Sunday, 4 July 2010

How to read a publishing contract (15)

After a very long clause and a very long wait, here is a nice short clause (and no wait at all, as long as you read it immediately rather than rush off to make a cup of coffee).

15. Other Rights

The Author hereby grants to the Publishers exclusive licences for subsidiary rights, excluding film, television and merchandising rights.

exclusive licence = only the publisher is allowed to do any of the following things (so you can't market your own line of knitted characters or jelly bean flavours named after things in your book)

subsidiary rights = rights to produce the work in other formats or produce spin-offs from the work

merchandising rights = the right to sell products badged with your characters or other aspects of your work, even creating a whole brand identity. This can be clothing, food, lunchboxes, stickers, perfume, sticking plasters, condoms.... anything


The clause as worded here is a very bad deal. Don't agree to a rights grab like this. Unless electronic rights are mentioned elsewhere in the contract (in this case, they were in clause 1), have them excluded here. Other subsidiary rights you might like to retain include animation, computer game, and theme park rights. There is a potential for overlap between film, animation, machina and electronic rights, but this clause is just about keeping them all so we don't need to worry about that issue just now.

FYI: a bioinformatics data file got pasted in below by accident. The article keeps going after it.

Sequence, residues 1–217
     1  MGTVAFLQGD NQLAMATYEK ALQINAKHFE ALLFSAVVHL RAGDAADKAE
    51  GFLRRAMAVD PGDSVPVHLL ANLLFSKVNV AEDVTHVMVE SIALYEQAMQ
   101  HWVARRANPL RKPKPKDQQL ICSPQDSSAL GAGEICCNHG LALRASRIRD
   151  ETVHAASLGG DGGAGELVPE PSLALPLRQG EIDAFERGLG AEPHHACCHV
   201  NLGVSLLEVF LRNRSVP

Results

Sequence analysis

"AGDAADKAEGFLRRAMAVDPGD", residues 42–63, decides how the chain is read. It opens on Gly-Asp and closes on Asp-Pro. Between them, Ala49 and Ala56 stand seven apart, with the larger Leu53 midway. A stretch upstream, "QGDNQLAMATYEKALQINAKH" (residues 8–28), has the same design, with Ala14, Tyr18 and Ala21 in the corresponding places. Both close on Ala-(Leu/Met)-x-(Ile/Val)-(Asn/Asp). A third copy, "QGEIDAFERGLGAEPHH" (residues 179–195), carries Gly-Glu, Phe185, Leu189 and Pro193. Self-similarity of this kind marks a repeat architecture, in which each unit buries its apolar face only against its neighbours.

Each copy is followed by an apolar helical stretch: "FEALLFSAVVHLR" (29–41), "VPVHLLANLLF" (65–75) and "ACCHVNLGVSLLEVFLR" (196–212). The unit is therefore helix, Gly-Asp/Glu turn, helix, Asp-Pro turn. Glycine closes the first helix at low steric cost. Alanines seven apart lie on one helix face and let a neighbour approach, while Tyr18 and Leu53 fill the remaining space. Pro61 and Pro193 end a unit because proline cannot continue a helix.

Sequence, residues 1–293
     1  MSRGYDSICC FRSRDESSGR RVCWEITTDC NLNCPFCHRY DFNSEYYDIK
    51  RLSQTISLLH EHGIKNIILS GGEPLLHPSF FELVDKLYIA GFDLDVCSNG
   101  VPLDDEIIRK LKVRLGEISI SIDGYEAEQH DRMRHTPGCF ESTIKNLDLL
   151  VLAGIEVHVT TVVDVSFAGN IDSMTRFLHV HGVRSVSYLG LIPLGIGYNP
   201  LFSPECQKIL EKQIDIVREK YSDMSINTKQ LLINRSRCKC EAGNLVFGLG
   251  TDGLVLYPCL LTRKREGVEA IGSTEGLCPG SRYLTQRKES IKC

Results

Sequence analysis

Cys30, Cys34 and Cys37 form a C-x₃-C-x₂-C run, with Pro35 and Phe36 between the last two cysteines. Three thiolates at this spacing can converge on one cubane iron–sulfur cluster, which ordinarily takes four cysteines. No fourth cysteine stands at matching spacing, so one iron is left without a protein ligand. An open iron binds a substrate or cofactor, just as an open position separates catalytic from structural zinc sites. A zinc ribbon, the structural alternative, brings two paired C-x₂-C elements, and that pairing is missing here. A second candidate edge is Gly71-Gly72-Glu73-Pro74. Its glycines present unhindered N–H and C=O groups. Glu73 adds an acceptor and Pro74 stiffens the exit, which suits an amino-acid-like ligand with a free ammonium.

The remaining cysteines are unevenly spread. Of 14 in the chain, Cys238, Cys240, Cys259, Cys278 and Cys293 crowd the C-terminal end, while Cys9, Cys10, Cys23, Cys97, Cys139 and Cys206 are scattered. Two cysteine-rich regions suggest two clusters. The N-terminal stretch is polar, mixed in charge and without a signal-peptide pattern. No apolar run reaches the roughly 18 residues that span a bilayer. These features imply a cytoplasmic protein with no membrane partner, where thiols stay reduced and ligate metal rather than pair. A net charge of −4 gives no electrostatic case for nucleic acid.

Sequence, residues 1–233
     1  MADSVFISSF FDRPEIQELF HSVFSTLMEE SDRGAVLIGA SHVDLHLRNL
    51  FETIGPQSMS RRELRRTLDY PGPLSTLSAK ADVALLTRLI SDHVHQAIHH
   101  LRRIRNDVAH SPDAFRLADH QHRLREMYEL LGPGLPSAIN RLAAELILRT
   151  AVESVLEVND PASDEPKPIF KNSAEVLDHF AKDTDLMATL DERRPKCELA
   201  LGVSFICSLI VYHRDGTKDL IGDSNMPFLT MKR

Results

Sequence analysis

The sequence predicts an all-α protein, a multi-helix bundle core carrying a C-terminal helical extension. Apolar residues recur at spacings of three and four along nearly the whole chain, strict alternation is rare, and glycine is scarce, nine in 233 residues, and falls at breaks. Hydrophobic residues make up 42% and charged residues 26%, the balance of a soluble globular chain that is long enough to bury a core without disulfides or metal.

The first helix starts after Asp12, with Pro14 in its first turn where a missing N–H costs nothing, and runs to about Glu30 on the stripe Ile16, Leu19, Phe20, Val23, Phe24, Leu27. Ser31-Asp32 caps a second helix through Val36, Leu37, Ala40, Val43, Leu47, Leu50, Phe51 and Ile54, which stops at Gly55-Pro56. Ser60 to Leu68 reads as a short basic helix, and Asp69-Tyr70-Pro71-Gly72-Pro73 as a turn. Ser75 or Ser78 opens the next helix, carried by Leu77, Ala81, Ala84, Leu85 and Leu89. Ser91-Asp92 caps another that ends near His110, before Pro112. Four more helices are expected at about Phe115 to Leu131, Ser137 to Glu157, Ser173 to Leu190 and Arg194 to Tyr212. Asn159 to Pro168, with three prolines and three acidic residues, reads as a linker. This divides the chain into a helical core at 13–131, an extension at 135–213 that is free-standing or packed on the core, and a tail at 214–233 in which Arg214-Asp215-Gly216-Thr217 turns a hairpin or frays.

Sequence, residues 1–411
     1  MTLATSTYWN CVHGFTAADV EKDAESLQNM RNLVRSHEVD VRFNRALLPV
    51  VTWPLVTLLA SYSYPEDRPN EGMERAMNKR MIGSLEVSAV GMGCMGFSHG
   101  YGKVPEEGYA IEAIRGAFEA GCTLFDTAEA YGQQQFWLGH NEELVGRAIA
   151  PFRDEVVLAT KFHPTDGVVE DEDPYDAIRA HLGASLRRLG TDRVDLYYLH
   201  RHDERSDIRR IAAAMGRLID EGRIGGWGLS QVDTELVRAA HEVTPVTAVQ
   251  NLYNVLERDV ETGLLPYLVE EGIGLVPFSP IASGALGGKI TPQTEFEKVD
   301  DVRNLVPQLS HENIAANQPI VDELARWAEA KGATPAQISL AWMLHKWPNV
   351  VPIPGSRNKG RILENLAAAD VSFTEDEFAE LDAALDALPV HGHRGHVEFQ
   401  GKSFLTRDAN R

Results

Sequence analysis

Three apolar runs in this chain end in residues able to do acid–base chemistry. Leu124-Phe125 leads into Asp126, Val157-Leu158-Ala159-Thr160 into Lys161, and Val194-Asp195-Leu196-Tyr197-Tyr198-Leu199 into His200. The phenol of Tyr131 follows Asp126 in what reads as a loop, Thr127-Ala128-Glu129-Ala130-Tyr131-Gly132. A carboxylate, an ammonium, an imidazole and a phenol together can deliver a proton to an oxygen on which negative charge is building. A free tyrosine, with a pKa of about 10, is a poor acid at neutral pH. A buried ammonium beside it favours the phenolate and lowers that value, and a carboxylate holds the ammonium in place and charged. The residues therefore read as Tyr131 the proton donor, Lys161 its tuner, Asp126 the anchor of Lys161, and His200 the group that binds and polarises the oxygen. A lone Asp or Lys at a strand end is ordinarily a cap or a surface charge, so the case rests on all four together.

The real problem with a clause worded like this is that you are granting the publisher all undiscovered rights. There may be highly profitable rights just around the corner using a technology we don't yet imagine. No-one would have predicted iPad application rights ten years ago, for instance. Specify the rights the publisher can have, rather than those you want to keep - all other rights you should retain. Here's my punt for the next 50 years: DNA/genetic engineering rights - using genetic engineering to manufacture real living pets that are versions of the animals or monsters in your book, or to produce living dolls of the characters. These may be soft-tissue living entities with no consciousness (a sort of zombi-ised version) or something more autonomous.

Do as I say, not as I do: this contract was negotiated by my agent, not by me. At the time, I was severely depressed and coping with a very seriously unwell daughter - I wasn't paying attention and just signed. It's also for a very short book (it should come out as a graphic novel later this year). I would not accept this clause normally and would have done a good deal of stropping.

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